Links to Nonviolent Communication

Here are some links to learn more about Nonviolent Communication. NVC Trainer LaShelle Lowe-Charde’s website. is the official web site of the International Center for Nonviolent Communication located in Albuquerque, New Mexico is a library of articles and videos teaching NVC. There are free materials available. A monthly fee provides a wealth of information. NVC Trainer Thomas Bond from New York has put together a well received year-long, online compassion training course. Vika Miller and NVC Trainer Fred Sly head this NVC organization in Portland. NVC Trainer Robert Gonzales’ web-site.

Marshall Rosenberg’s Nonviolent Communication book is still the best first NVC book to read.


Making This Blog More Usable

When I started this blog three years ago I wanted to help people have a more wonderful time in groups, particularly groups dedicated to some sort of cause. To that end I’ve shared links, recommended books, and written about techniques and ideas I’ve encountered that work. Early on I discovered that when we work on our own relationship to ourself, we are more patient and understanding with others, which is why I have so much self-help information as well.

I’ve decided to take some time now to make this blog even more usable by entering in more internal links and tags that will help lead you to the information you need. My hope is that people starting a group can come to this site and within a short amount of time find the information they need by just typing in a few words in the Search box.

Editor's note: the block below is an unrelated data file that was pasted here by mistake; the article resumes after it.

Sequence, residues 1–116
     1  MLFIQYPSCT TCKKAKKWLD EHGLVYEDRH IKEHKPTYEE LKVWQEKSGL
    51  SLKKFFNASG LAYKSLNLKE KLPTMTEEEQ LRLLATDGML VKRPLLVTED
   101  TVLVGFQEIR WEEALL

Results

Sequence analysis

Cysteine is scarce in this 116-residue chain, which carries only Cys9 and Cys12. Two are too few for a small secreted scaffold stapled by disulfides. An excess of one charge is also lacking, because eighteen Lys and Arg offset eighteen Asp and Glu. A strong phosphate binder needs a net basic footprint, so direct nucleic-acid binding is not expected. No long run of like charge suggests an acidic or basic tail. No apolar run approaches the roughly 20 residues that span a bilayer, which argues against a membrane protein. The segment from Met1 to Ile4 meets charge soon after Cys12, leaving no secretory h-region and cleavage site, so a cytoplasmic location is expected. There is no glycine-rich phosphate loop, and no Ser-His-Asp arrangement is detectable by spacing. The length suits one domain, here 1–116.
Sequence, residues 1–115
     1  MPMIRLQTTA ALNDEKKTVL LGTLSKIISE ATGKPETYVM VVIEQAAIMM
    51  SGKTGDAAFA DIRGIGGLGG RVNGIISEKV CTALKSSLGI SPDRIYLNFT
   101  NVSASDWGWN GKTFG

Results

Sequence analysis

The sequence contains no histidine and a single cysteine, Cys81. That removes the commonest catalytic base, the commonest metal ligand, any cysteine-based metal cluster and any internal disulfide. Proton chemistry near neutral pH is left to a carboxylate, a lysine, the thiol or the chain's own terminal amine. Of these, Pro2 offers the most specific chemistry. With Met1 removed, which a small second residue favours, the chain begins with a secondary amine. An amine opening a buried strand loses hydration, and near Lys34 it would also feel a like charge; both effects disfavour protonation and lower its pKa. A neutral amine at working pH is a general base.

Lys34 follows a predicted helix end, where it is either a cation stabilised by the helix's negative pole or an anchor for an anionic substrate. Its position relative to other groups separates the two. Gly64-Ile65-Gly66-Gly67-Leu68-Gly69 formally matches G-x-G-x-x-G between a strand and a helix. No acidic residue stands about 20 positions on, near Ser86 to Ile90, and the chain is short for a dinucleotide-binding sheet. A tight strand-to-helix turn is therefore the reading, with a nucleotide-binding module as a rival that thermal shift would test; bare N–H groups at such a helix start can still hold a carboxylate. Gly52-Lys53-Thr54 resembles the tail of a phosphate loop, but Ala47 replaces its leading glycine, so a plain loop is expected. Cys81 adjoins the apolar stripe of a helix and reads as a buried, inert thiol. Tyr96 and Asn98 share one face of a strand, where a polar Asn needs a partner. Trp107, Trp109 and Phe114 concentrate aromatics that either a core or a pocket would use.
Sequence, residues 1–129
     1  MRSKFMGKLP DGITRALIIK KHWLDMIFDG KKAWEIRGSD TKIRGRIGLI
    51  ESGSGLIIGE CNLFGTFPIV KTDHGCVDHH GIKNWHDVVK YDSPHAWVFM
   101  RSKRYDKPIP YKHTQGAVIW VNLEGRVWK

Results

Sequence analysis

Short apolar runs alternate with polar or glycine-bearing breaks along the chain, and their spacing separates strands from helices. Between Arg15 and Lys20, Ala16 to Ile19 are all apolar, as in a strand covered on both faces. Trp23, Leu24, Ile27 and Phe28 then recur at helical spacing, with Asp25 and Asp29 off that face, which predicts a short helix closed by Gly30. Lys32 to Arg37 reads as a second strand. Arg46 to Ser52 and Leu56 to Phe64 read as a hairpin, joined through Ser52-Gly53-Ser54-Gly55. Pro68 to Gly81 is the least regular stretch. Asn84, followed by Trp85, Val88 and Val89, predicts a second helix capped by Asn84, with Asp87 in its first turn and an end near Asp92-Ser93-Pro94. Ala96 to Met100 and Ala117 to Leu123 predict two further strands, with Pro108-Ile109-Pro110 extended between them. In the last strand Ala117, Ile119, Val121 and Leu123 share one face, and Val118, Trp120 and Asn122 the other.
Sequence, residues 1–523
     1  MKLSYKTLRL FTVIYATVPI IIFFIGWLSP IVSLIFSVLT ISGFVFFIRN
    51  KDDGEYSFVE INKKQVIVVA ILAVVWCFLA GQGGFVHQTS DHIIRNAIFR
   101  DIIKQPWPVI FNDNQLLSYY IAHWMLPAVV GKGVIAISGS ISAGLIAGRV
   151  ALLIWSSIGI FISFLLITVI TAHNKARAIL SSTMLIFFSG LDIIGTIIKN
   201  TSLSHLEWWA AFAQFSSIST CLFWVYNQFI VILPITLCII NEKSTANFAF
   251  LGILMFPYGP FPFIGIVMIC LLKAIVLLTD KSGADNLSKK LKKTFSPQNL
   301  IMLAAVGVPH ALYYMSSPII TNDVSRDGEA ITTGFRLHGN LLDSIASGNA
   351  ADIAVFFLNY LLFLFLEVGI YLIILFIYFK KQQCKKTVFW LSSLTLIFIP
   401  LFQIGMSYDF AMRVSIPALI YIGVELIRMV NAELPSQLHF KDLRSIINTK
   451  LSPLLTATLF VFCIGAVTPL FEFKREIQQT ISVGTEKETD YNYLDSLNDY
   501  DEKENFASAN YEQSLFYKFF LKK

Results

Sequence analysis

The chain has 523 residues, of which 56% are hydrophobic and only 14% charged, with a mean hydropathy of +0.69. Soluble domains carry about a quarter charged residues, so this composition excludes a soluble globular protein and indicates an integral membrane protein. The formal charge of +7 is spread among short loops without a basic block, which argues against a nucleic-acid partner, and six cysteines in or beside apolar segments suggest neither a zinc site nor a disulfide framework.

For those of you following my blog, I won’t be entering in any new information for a while as I streamline the information. Please check out my archives for back articles. You may use my cartoons in your own materials as long as you attribute them to me and don’t make money off of them.



Groups: How To Have More Time

I’ve written extensively about groups. Below this post I have links to a few other articles on group work that might interest you.

Most great advice for individuals works just as well for groups. I have wasted so much time in meetings and watched groups waste their members’ time doing any number of things that the group thought should be done as opposed to what really felt right in the heart. When people get together on purpose to achieve something, very often the lists of to do’s start. I’ve seen meetings where everyone was invited to shout out proposals and then list them in order of importance. It’s all so very left-brained and orderly, the very worst way to choose anything. The intellect has little idea what’s important, has no intuition, and isn’t very well connected to anything outside of itself.

Martha Beck has a wonderfully encouraging essay here on getting control of one’s time by following one’s own deepest priorities. I think the same concept would work for groups as well.

“This little story sums up all the steps to taking command of your own time. One: Set your schedule according to your deepest priorities. Two: When others object to this scheduling, respectfully decline to give a crap. Three: When you receive negative feedback for your scheduling choices, allow any feelings you may have; then sing and dance to Bob Marley until the bad feelings go away. (You may substitute Bach or ABBA or Usher for Bob Marley, although I would suggest that you avoid Enya as this could put you into an irreversible trance.)”~Martha Beck

My take on her essay is that when we make decisions from the space of should’s and duty, there isn’t enough time. When we make decisions based on intuition, guts, and our heart, time obediently expands.

What is a good size for a group?

The Role of Friendship in a Group

Perils of Micromanaging a Group

What To Do About Members Who Don’t Do Anything